By Dons Eze, PhD
When we look at the current state of affairs in Nigeria, we consider the clamour for 2023 Presidency as of no consequence, as insignificant, and worthless. We are not bothered whether any such a fellow will come from the North or from the South, whether he or she will be an Igbo, a Yoruba, a Hausa/Fulani, or any of the minority ethnic groups in the country.
Why should we be clamouring for who will be the President of Nigeria in 2023, when we are not even sure that the country will still be there in 2023? Nigeria, today, is sitting on the edge, fast descending into the abyss, into the bottomless pit. We take pity on whoever will be elected President in 2023, because the fellow will be inheriting a heavy burden, a very big liability.
Presently, there is no trust between the people in government and those they are governing; between the Northerners and the Southerners, between the Christians and the Muslims, etc. Each group is on its own, none trusts the other, they play individual games, no unity, no cooperation, while the country is polarized.
Insecurity has assumed an alarming dimension, with fear gripping everybody in the country. Many people are dying on daily basis in the hands of bandits, armed robbers, kidnappers, Boko Haram, Fulani herdsmen. They kill, kidnap, maim and rape women in their farms.
Nigerians who previously would repose their confidence in their government, and would look up to them to assume their primary responsibility of protecting lives and properties, were disappointed, when they were told to look after their individual protection. It was something unheard off, either because the government was overwhelmed, unwilling, unable, and incapable of assuming its primary responsibility of protecting lives and properties, or that the system itself has failed, has collapsed.
Why should a government elected by the people, and whose duty it is, to protect lives and properties, abandon that responsibility to ordinary men and women in the streets? This would be invitation to chaos, hopelessness, a state of no government, a primitive society, a Hobessian state of nature, where everybody was on his own, and where life was brutish, nasty and short.
The other day, somebody told us that the Armed Forces of Nigeria have been divided into the Christian and the Muslim soldiers, whereby Christian soldiers were deployed to kill Muslims, and Muslims soldiers deployed to slaughter Christians. That was what one Islamic cleric, called Shiek Ahmad Gumi, had told us, and the man is still walking the streets, a free man. That shows the extent to which the country has degenerated, everything viewed from the prisms of religion and ethnicity.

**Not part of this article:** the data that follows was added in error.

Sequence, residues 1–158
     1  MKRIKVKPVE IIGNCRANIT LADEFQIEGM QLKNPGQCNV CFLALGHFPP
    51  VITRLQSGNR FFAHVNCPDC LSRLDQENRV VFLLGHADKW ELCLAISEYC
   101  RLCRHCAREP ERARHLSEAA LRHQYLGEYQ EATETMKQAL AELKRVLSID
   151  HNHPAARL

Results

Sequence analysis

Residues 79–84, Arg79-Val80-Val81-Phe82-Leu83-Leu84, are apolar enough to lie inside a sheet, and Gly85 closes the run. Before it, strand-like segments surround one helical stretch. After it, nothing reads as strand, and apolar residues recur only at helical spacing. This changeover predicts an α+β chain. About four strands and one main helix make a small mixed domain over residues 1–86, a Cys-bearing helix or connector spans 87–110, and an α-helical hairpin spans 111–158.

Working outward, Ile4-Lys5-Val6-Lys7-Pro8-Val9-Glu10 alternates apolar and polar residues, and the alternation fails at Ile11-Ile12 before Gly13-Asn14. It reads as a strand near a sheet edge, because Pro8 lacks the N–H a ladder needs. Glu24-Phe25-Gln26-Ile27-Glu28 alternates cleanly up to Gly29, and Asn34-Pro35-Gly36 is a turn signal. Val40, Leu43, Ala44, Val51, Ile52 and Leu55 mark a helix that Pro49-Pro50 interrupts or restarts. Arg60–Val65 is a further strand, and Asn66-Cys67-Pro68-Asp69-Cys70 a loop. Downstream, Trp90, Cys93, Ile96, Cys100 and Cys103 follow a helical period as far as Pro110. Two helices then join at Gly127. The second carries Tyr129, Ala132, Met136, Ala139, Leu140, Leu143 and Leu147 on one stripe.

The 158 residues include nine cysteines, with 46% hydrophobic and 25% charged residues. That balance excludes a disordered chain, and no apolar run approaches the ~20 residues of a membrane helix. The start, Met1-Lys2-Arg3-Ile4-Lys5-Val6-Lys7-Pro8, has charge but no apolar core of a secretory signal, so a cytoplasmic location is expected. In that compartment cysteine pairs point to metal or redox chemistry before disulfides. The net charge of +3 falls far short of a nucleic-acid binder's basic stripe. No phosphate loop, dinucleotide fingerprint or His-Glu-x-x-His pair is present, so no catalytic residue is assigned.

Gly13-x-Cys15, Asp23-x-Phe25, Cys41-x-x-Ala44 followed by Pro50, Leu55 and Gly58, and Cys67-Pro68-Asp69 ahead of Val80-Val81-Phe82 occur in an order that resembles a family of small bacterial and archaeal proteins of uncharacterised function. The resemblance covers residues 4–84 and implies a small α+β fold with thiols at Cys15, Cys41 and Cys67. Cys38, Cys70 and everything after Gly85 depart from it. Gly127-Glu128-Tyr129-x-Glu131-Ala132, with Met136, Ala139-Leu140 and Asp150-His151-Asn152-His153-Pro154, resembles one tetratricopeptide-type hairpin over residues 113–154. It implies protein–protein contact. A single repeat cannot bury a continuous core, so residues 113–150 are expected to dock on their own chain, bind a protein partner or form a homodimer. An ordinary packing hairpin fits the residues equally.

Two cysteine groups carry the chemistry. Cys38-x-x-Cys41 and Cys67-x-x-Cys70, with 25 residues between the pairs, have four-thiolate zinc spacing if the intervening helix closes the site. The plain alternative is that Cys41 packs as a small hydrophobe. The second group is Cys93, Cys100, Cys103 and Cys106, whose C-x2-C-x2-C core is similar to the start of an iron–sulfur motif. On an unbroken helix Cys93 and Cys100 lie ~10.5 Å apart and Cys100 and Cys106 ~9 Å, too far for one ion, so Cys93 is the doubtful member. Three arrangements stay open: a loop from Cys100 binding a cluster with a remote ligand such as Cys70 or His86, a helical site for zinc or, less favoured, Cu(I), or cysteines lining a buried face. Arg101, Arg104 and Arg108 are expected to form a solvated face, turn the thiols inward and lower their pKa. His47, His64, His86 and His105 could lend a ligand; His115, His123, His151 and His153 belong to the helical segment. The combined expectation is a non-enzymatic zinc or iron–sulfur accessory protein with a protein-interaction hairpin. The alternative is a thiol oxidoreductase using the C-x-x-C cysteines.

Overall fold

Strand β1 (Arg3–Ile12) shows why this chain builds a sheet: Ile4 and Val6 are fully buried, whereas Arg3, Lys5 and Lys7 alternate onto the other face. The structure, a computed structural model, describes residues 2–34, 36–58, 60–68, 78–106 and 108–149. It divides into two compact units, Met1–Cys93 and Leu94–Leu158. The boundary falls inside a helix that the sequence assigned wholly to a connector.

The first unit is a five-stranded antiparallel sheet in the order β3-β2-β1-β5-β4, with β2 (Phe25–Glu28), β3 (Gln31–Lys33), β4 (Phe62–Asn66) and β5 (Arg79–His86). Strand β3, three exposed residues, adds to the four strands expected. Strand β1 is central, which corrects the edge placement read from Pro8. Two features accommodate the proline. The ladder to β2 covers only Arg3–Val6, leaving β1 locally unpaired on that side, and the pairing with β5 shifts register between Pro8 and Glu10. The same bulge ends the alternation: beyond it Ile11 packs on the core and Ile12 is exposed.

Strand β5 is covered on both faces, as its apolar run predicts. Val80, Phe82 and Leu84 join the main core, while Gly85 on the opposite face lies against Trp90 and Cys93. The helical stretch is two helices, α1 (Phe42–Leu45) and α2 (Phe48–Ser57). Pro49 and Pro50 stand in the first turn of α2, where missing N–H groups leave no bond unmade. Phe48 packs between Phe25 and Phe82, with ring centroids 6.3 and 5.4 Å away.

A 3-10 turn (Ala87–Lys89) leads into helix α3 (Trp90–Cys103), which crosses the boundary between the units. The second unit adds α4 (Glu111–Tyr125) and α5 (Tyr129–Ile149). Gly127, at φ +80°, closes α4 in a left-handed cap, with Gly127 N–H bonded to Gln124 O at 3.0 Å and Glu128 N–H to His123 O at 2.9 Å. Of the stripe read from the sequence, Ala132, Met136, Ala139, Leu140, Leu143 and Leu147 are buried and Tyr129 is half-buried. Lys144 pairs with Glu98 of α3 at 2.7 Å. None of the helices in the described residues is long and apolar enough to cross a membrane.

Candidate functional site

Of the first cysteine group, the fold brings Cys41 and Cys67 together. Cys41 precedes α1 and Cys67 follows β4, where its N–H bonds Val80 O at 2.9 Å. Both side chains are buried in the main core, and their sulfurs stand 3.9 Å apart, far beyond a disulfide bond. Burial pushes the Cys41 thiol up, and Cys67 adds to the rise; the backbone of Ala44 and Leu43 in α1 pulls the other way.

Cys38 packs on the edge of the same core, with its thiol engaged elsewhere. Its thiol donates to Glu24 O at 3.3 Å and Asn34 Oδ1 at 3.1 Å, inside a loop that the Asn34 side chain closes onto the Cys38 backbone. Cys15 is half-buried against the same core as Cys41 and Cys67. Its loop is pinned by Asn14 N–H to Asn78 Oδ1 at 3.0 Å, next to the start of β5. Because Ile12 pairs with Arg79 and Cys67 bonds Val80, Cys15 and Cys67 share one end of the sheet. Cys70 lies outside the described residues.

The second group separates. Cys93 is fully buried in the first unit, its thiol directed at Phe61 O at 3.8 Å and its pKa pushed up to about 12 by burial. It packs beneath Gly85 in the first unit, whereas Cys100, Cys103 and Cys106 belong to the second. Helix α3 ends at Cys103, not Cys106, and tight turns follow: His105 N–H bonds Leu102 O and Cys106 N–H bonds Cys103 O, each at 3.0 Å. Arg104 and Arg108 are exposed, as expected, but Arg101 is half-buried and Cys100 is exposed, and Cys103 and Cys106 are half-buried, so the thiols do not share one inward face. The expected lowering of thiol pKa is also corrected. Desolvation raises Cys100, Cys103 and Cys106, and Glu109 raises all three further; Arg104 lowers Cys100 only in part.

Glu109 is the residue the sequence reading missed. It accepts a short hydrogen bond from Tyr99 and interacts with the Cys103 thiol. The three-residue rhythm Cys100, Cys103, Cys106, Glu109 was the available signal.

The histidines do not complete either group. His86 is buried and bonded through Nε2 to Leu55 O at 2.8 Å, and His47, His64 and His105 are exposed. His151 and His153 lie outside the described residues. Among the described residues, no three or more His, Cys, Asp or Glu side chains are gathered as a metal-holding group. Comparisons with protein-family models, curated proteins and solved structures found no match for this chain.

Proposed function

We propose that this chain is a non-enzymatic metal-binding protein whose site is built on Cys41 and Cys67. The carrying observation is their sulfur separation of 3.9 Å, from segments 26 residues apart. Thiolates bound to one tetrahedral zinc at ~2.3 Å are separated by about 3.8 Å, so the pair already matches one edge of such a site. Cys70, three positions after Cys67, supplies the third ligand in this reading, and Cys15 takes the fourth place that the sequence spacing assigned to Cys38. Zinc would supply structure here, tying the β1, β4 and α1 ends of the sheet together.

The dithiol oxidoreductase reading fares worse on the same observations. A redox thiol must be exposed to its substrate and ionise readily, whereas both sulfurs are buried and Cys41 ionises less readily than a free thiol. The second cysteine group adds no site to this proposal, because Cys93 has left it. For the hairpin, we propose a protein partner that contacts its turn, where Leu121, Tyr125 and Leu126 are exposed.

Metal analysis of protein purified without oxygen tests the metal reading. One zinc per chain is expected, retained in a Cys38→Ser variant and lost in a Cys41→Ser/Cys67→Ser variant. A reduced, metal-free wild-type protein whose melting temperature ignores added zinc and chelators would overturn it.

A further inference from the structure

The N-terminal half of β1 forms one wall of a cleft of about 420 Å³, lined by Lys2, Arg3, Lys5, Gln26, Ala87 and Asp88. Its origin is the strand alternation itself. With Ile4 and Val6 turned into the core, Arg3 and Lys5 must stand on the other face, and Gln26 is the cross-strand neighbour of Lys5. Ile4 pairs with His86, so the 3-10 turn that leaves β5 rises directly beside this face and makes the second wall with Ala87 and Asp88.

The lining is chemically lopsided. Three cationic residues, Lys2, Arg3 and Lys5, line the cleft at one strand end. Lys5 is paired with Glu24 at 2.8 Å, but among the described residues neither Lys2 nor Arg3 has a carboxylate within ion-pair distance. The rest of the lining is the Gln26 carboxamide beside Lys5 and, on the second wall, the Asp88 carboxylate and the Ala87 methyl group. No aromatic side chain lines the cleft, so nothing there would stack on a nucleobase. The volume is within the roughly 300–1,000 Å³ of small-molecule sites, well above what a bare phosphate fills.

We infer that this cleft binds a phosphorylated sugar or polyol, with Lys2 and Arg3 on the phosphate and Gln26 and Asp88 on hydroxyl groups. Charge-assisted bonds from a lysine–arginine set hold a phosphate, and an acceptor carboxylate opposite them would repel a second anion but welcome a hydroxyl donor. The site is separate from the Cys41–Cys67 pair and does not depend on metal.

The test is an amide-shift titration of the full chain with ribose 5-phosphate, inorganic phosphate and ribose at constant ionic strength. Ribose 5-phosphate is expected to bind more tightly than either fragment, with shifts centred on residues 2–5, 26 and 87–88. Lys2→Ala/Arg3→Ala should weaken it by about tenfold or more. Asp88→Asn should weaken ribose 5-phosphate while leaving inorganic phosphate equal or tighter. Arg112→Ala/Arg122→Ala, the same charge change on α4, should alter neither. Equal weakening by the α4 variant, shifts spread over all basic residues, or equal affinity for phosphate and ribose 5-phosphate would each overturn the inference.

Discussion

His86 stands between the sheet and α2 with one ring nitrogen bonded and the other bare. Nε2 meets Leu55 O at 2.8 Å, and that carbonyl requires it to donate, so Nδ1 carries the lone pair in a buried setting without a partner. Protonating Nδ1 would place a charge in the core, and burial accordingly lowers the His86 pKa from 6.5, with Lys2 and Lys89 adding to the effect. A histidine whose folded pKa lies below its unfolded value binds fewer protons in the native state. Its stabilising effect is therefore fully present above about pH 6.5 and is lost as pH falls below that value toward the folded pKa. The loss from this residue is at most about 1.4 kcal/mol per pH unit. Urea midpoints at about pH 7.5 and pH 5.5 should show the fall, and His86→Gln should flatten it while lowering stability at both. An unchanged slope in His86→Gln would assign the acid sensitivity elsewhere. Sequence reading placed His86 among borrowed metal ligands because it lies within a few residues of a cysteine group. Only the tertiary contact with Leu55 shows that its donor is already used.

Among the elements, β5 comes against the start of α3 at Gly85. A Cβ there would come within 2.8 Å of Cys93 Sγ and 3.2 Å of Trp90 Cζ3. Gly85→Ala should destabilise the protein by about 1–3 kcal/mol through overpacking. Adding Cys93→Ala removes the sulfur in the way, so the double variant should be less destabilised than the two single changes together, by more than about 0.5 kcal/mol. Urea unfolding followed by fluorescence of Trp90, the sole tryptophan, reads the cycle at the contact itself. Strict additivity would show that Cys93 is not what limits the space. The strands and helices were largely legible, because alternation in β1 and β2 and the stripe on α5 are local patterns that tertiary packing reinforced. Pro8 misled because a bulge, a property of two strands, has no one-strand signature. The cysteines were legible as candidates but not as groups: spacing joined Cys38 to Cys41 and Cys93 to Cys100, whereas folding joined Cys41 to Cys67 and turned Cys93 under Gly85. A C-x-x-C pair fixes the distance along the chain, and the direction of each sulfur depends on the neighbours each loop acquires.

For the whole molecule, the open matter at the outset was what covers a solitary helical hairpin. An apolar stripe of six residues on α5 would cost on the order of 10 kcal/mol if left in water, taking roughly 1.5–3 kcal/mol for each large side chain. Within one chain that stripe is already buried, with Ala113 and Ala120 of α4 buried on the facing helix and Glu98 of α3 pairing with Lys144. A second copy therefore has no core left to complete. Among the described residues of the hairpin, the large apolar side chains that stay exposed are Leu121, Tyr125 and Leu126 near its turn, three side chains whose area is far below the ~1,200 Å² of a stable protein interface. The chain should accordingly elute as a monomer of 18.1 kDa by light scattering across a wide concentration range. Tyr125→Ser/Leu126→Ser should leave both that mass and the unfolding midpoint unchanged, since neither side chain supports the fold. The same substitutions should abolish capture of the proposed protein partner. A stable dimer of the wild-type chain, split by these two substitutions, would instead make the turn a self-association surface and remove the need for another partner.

We now live in a system where people repose more confidence in non-state actors, in ethnic militias, Amotekun, Eastern Securuty Network, etc., than in the government security agencies, funded with taxpayers money. This is due to the belief that the government and its security agencies were not doing enough to protect lives and properties.
The fragile relationship existing between the North and the South seems now to have broken down irretrievably. The South, which ordinarily have been accommodating the North, together with their cows, the Fulani herders in particular, are no longer willing to do so. They have served a quit notice to the Fulani herders operating from their forests, accusing them of abusing the people’s hospitality. They accused Fulani herders of turning themselves into predators, killing, kidnapping, maiming, raping women in their farms, destroying people’s farmlands and burning down their houses.
In retaliation, the North decided to block, or cut off food stuffs and animal supplies to the South. They would prefer to have their foodstuffs rotten and their fellow countrymen from the South to die of hunger, since they believed that without them, the South could not feed themselves.
The South accepted that challenge, provided the herders left their place. Without prompting or pleading, the North called off their self-imposed strike and began to shift their foodstuffs to the South. Just to show how bad things are in Nigeria today.
These are some of the problems the Nigerian President in 2023 is going to contend with. From where will such a person start rebuilding the country? Everything is in a mess, in topsy-turvy. People’s confidence in the system is greatly eroded? Nobody trusts anybody, not the least, those who occupy governmental positions, because they have not been truthful. They will say one thing today, but tomorrow they will do another thing.
A Nigerian President in 2023, whether such a fellow is from the North, or from the South, whether he is Igbo, Yoruba, or Hausa/Fulani, etc., would therefore, end up being like the present one which we have, a lame duck, not doing anything. There would be many excuses, and lot of blame games. They would accuse past governments for being responsible for their non-performance. There would be many Lai Mohammeds, Femi Adesinas, and Garba Shehus, all trying to justify or to give excuses why the government was unable to deliver on its mandate.
So, instead of clamouring to have a President who will end up not doing anything, only to pride ourselves that the President is from our zone, from our ethnic group, belongs to our own religious group, etc., we should be striving to see how the present structure of the country could be tinkered with, so that whoever is elected President will have the freedom or latitude to perform, and the country not collapsed in his own hands.